05. "I'm gonna punch you in the eye 'til it turns to jelly. I'll stab you with forks 'til you bleed, how 'bout that?"
Part of the pleasure of Guest's films is that he finds room for lots of comedy pros to come in as ringers and absolutely nail a scene or two (think David Cross's UFO expert in Guffman). The blue ribbon for Show's funniest one-scene wonder has to go to Larry Miller as the aggressively unskilled crisis negotiator. A pessimistic negotiator is a funny enough idea on its own ("They always jump") but it crosses into uproarious when we get to hear him in action letting loose with this stream of graphically brutal threats.
04. "He went after her like she was made out of ham!"
You couldn't expect me to limit myself to just one Fred Willard line, could you? This one, arriving at the sad finale to the busy bee incident, may be the single biggest laugh of the movie. Aside from his ingenious idiocy, I think part of the reason Willard so thoroughly runs away with his scenes is the fact that, for all his stupidity, Buck is the only cast member who refuses to take the proceedings seriously. He can't ignore what he knows, and what those of us watching the movie know: that they are, after all, just dogs.
03. "A pet store downstairs? What are you a wizard? A genius? Why didn't you tell me that before, you stupid HOTEL MANAGER!"This line, shouted by an enraged Meg Swan at the height of the busy bee meltdown, never fails to inspire fits of laughter in me. At the risk of analyzing all the funny out of it, let me count the ways this is brilliant. First, the way Posey somehow manages to turn "hotel manager" into an obscenity. Second, the perfection with which she portrays the limits of egomaniacal stage parent lunacy ("You obviously don't know my dog!") Finally, the way it highlights the benefits of the improvisation. Somehow I doubt a writer sitting at a laptop could have accessed the desperation that inspired Posey to reach for "wizard" in the heat of the moment.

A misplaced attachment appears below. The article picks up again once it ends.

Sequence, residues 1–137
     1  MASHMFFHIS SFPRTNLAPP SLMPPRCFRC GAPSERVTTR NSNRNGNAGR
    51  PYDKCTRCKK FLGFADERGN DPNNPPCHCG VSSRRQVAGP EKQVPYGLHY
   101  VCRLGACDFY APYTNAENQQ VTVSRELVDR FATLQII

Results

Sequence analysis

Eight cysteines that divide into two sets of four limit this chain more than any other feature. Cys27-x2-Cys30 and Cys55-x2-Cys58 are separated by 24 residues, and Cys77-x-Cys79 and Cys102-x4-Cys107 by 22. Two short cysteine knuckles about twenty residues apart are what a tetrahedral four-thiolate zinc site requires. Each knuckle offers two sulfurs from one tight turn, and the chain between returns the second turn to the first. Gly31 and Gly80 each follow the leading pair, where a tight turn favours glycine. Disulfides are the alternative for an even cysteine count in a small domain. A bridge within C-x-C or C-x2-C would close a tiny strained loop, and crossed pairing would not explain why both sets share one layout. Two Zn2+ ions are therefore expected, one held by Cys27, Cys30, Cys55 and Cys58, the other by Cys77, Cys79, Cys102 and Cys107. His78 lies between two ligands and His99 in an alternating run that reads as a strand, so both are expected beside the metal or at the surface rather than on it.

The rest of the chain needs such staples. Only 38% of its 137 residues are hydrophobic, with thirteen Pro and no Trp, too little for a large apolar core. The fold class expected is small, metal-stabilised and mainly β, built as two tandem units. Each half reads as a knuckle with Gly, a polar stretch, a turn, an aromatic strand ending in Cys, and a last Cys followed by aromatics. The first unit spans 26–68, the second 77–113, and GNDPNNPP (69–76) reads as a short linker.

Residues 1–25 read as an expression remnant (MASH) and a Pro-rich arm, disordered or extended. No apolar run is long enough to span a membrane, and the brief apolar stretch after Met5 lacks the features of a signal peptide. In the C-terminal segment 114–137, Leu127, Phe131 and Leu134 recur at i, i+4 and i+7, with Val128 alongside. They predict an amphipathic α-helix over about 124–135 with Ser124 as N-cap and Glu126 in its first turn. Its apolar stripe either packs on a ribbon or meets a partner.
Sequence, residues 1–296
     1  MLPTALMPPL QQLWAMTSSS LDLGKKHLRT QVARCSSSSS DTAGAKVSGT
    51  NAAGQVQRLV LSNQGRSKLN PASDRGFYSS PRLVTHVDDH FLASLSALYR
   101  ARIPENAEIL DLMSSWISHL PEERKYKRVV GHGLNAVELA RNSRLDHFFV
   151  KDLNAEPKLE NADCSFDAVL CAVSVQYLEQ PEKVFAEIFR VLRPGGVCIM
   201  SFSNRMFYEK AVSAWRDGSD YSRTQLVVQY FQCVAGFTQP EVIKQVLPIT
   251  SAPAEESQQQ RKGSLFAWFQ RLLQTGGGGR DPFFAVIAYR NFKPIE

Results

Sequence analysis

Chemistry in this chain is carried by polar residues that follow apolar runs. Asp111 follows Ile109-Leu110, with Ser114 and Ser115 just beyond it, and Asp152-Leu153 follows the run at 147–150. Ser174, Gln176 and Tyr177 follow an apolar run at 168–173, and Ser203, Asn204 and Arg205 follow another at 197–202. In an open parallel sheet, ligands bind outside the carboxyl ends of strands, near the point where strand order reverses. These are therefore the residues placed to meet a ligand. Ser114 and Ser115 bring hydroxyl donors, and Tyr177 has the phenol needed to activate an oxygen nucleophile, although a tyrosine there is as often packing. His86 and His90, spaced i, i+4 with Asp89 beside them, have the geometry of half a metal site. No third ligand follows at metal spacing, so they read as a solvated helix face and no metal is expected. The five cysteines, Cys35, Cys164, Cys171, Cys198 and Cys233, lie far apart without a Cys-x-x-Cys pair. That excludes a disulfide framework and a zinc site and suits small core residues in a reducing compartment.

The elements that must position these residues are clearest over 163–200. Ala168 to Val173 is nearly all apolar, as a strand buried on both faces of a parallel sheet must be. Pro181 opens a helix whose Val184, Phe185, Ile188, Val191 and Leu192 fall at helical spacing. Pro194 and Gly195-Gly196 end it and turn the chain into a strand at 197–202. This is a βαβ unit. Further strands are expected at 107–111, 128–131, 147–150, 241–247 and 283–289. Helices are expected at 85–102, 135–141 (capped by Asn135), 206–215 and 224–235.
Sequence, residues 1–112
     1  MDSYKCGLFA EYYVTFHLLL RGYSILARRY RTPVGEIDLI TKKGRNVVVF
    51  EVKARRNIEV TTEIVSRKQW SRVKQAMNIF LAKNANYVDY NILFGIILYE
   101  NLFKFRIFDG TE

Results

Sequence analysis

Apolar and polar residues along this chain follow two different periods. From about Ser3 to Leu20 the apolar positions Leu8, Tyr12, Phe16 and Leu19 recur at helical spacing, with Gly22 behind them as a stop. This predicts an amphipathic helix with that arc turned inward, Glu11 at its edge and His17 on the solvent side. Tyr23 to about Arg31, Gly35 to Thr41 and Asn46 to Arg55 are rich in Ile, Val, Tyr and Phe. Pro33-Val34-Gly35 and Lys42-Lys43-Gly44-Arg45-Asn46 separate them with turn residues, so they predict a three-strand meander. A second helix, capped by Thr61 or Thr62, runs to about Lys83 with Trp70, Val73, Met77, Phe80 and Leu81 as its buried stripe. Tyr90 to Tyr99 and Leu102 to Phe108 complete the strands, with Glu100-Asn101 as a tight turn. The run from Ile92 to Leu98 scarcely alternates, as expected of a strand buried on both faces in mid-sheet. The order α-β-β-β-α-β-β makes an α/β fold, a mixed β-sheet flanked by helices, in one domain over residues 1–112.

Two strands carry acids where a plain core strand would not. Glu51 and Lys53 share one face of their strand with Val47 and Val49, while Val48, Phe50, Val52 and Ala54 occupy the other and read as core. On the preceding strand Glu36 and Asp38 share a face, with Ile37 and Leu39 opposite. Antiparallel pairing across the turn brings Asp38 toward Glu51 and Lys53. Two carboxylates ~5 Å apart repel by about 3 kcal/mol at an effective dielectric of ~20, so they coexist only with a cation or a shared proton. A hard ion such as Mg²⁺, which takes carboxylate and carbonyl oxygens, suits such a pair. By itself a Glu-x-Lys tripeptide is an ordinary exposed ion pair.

That line, in case you didn't recognize it written out, is the sound of Catherine O'Hara's Cookie Fleck injuring herself by tripping over absolutely nothing. Comedians often measure a performer's commitment to a bit as a mark of their ability. By that standard O'Hara stands with the best in the business. So much so that they didn't even need to write a gag to sideline her character for the finale. Guest simply had O'Hara go down like a ton of bricks and O'Hara sold it like the pro she is.
01. "I remember you said that last year."
The competition is killer, but I've got to award best in show to this line from Jim Piddock's poor Trevor Beckwith, uttered in response to yet another tasteless joke from the albatross around his neck, Buck Laughlin. As co-commentator for the Mayflower Dog Show, Beckwith is the model of class and professionalism. So naturally his performance is a study in slow-burning indignation at being saddled with a blithering, uninformed nitwit as a co-host. This line is a throw-away that grows into a gut-buster on repeat viewings. It suggests a long-suffering history for the horribly mismatched pair. How long has he been putting up with this dim bulb's cheerful "observations"? How many times has poor Trevor been cajoled into guessing how much Buck could bench press? In one deft stroke it makes an already hilarious segment exponentially funnier.